Survival of the Dead

On Plum Island, off the coast of Delaware, the Muldoons and O’Flynns have been feuding for generations. Things have changed in the world, though, and zombies are ravaging the living on the mainland. A group of renegade soldiers, led by Sarge ‘Nicotine’ Crocket (Alan Van Sprang), seek refuge on the island and the feuding clans not only have to deal with zombies, they have to repel the invaders for the “Survival of the Dead.”

Laura's Review: C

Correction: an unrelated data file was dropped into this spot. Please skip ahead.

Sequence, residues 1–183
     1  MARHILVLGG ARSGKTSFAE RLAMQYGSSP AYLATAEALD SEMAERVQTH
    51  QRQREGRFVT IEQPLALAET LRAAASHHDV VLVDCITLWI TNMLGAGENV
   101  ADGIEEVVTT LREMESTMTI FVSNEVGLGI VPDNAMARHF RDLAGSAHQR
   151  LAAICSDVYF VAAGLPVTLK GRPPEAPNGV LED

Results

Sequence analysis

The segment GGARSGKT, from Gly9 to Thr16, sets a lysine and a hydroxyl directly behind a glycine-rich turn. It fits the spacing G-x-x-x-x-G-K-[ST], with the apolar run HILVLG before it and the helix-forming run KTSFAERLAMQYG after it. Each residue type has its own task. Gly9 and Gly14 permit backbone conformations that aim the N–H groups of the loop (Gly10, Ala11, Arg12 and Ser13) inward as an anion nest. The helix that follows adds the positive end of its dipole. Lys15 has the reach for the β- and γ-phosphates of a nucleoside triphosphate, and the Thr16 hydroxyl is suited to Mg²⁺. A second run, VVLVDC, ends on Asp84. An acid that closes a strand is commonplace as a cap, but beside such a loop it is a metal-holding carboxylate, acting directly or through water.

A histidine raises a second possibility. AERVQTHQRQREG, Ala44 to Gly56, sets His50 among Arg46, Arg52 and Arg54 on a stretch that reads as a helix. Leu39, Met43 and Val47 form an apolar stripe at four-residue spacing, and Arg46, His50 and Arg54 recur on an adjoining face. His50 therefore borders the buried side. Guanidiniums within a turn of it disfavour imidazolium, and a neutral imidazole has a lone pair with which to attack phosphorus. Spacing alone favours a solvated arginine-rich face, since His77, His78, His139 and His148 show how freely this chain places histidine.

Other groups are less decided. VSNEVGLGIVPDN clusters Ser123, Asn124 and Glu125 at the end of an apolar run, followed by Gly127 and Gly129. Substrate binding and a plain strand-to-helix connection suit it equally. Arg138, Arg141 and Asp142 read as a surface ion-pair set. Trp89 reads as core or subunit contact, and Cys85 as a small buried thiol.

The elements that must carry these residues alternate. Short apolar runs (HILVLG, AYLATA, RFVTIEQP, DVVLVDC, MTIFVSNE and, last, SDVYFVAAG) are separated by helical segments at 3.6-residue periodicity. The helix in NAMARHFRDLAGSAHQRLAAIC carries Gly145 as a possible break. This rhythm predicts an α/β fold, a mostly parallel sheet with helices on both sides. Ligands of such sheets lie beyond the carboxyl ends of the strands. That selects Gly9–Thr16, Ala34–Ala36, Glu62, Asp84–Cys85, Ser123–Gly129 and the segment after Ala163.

On Plum Island, Patrick O'Flynn (Kenneth Welsh, "Adoration," HBO's "Grey Gardens") and his gang are intent on eradicating the living dead, but his arch enemy, Seamus Muldoon (Richard Fitzpatrick, "Flash of Genius"), believes in waiting for a cure. When Muldoon gets the upper hand, O'Flynn's daughter (Kathleen Munroe) intercedes, suggesting her da' be put on a boat, but he returns with Sarge 'Nicotine' Crocket (Alan Van Sprang, "Diary of the Dead") and his men in writer/director George A. Romero's latest zombie outing, "Survival of the Dead." Romero's seminal forty-two year-old "Night of the Living Dead" is, perhaps, the most terrifying zombie film every made, but, more importantly, it was a sly socio-political statement. Romero has been tucking messages into each of his zombie films since, with his last, "Diary of the Dead," commenting on today's instantaneous global media. One would have to make a real stretch to find much substance in his latest, perhaps deducing that his 'cure vs. kill' subplot was a commentary on abortion or perhaps stem cell research, but he's applied it so arbitrarily, even one of his own characters wonders why the Muldoon clan are shooting so many 'deadheads.' Call this one the Hatfields and the McCoys with zombies - it's a doodle in the Romero canon with only one new and creepy idea. "Survival of the Dead" picks up with Sarge, the U.S. military man turned mercenary thief from "Diary." He's teamed with lesbian Tomboy (Athena Karkanis, "Saws IV and VI"); the man who wishes she weren't, 'Cisco (Stefano Di Matteo, "The Boondock Saints II: All Saints Day"); and a boy (Devon Bostick, "Adoration," "Diary of a Wimpy Kid") who needs a clan to call home. They find a video by a 'Captain Courageous' (O'Flynn) promising sanctuary on Plum Island, but when they arrive at the specified meeting point, O'Flynn turns out to be as mercenary as they are, demanding their worldly goods for transport. Cisco decides to swim for a docked ferry and makes it. Tomboy takes pity on a stranded O'Flynn and hauls him aboard. Once on Plum, they discover they've been coaxed into a long-standing feud. Boy is entranced by O'Flynn's daughter, now a zombie constantly riding a white horse through the countryside. There's one really good scene here and it happens on the pier. One of O'Flynn's cronies sits on the roof, casting for zombies, reeling them up and dispatching them. When Cisco makes his heroic swim, he doesn't know that the ocean floor is covered in standing zombies. There is otherwise never any suspense. The zombies are objects of pity rather than fear, children chained to cribs or adults chained to their former livelihoods or kept within a barn's horse stalls. Muldoon's early commitment to a cure turns to experimentation in coaxing the undead to eat non-human flesh (a pig, a horse), but his commitment to not shoot them falls by the wayside. Romero forgoes his usual Philadelphia locations, shooting this time in and around Toronto during autumn's colorful peak. There are a few good gore f/x, two of them for humorous rather than horrific effect. "Survival of the Dead" is Romero treading water and beginning to sink. It's an OK time waster, but no reason to go to the theater, not even for diehard fans.